Student Learning Outcomes:

  • Identify and collect data necessary for modeling spatial relationships of archaeological sites 
  • Identify possible symbolic and/or ritual applications of modeling tools to archaeological sites 
  • Reference and implement predictive modeling tools 
  • Gain familiarity with international sources of elevation and remote sensing data for use in GIS modeling. 


The following student was chosen for their exception work on the Modeling Scythian Landscapes assignment:

Steven Kieffer

About Steven: Steven is an undergrad in the anthropology/archaeology department with a minor in geography and of course, pursuing the undergrad GIS Cert Program. He is still new to archaeology, but is a forensic digger at heart. After a few years on the corporate ladder making big paychecks without enough time to spend it and see his family, Steven would prefer digging, cataloging, mapping, and being happy with much less. Welcome to the spotlight, Steven!

What we like: This week was a relatively simple module, but Steve exceled by classifying a DEM by elevation so we can eventually analyze the relationship between archaeological remains and topographic features. He has a nice map presentation. Besides splitting the different images around the map and taking advantage of his space, he was one of the few to actually label elevation (in this case in meters) in the legend. Great work Steven!

Monday, October 14, 2013

Remote Sensing Student Spotlight

GIS4035 Photo Interpretation and Remote Sensing, Mr. Brian Fulfrost

Intro to Erdas Imagine & Digital Data 1

In this week’s lab, students learned some calculations of electromagnetic radiation (EMR). Students also learned some basic tools of ERDAS Imagine 2011, including how to use and navigate around the Viewer with two different types of satellite images (AVHRR and Landsat TM). The map created in this week’s lab assignment was a subset of an image that was preprocessed in ERDAS Imagine.  

Student Learning Outcomes:

  • Calculate wavelength, frequency, and energy of EMR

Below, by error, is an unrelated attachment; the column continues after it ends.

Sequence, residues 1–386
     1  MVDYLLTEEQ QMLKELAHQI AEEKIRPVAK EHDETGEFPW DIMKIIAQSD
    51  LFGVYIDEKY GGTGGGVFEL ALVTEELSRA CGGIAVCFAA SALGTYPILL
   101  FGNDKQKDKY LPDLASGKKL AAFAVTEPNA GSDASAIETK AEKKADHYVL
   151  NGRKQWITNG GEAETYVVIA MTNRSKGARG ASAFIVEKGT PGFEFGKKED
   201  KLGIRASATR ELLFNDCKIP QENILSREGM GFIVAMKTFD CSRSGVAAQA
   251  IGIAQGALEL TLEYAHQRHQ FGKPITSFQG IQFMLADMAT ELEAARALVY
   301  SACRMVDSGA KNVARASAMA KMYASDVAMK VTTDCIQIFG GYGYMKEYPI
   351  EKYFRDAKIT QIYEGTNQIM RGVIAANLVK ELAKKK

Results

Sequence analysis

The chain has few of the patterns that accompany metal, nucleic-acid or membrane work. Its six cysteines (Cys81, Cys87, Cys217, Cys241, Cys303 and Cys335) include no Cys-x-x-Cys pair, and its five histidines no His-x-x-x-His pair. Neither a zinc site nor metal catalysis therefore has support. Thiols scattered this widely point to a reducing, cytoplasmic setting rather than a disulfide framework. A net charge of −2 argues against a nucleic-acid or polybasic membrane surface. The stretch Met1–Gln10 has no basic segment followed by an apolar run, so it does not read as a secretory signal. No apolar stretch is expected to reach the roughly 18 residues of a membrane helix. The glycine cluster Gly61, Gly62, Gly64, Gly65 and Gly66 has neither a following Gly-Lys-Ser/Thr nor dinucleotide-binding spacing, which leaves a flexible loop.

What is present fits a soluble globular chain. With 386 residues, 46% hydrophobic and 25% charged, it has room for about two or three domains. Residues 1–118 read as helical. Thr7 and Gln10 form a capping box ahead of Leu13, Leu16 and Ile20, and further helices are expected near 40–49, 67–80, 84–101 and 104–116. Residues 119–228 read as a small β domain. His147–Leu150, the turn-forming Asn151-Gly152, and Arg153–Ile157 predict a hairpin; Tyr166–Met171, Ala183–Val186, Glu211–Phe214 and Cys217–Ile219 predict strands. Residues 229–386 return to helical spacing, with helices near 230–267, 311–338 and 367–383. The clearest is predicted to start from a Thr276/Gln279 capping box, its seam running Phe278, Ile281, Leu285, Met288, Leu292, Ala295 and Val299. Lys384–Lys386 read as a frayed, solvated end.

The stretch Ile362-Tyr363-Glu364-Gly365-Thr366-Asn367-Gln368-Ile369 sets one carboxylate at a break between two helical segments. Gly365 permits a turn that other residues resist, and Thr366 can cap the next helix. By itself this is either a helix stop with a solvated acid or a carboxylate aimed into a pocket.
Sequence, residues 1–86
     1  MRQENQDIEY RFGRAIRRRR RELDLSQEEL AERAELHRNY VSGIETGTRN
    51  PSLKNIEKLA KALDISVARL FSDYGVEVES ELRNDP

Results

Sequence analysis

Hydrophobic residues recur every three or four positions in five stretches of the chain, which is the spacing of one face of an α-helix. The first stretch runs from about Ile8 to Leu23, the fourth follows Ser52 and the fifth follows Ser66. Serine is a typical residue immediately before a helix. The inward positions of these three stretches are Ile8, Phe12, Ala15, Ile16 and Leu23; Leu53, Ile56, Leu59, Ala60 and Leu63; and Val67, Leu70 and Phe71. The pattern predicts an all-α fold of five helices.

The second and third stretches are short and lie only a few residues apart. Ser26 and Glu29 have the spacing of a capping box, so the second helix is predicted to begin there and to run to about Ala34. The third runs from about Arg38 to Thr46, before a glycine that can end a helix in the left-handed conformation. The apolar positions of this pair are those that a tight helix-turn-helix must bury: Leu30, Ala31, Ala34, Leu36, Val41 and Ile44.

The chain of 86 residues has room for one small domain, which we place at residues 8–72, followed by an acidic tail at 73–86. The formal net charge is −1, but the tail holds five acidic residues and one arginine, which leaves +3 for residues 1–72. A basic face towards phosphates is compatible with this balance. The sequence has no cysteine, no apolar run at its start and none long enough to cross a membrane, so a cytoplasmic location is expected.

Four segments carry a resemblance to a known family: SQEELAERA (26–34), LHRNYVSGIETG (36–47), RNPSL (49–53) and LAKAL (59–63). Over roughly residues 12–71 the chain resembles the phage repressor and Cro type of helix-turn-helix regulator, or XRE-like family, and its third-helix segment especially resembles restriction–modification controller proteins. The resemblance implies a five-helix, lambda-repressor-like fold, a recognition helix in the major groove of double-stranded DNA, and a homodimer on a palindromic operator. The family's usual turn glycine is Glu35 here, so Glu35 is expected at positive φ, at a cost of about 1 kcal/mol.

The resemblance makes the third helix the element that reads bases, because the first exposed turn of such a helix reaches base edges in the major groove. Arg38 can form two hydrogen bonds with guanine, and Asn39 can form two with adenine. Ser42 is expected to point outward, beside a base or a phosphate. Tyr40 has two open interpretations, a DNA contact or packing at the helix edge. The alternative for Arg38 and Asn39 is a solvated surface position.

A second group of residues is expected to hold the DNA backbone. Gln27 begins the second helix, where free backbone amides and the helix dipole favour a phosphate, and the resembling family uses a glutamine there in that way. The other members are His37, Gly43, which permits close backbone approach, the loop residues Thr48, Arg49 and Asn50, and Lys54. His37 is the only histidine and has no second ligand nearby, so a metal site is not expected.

• Locate about and use basic tools in ERDAS Imagine 
  • Learn about and use the Viewer to view data in ERDAS Imagine 
  • Subset data in ERDAS Imagine as a preprocessing step for making a map (in ArcGIS)


The following students were chosen for their exception work on the Intro to ERDAS Imagine and Digital Data 1 assignment:

Nick Toscano 

About Nick: Nick lives in Virginia and is excited to be a part of this program. He feels that all information is connects and that GIS will help him better understand and make decisions about this information. Nick is a big advocate of Virginia's wine country, and seeks to educate other about this region through various GIS applications. Welcome to the Spotlight, Nick!

What we like: Best overall attempt at displaying classification(s), acreage, and other layers (topo, photo, inset map). Nick thought "out of the box" by creating a map that provides not only context but also provides the viewer the ability to evaluate the classification results using aerial photography and topography. Although the maps are not perfect, his BLOG posting this week demonstrates the energy and enthusiasm he brings to the course.

Jessica Williams 

About Jessica: Jessica started working in GIS in 2008. She decided to go after her certification in hope of becoming a GIS specialist. Jessica loves to play softball, but she is actually taking the year off to pursue her GIS Certification. She recently started running 5K races with a group of co-workers. They call themselves Team Nerdy Birds, because they are all a little nerdy and birds are pretty. Her family takes up all of her other free time. Welcome to the Spotlight!

What we like: Jessica did a good job in presenting her map. The layout is neatly deigned, and her subset is of a good size: zoomed far enough in where the image does not become too pixelated and unidentifiable and is a unique area on the map. Laurie also did a good job including a good reference inset map that gives context to this areas location.

Monday, October 7, 2013

GIS Internship Student Spotlight

GIS4944/5945, GIS Internship, Instructor, Mrs. Leah Lewis, GISP

GIS Internships - Let's get to work!


The following student was chosen to highlight their current GIS internship experience.  

Dennis Davis

About Dennis: Do you know what time it is?  Internship Spotlight time - that's right!  This week Online GIS has chosen Dennis Davis.  Dennis is a student here at the University of West Florida and working towards a career in environmental law.  Dennis chose to learn more about GIS in his quest to be the best!

Dennis secured an internship at the West Florida Regional Planning Council under the direction of Mrs. Jessica Paul, GISP (an Online GIS alumni).  During his time at the WFRPC, Dennis will be working on 2010 Census growth maps, transportation project update maps, congestion management plans, GIS Day planning as well as some pretty detailed spatial analysis and database record maintenance.  It sounds like Dennis is going to be one busy guy this semester.

Welcome to the spotlight Dennis - we hope you enjoy your visit!

If you would like to learn more about the WFPRC, check out their website -  Also, Online GIS would to congratulate Jessica for winning best story map award at the 2013 Southeast User Conference in Jacksonville.  Check out her work here -

Stay tuned! Next week the spotlight will fall on a student from Remote Sensing!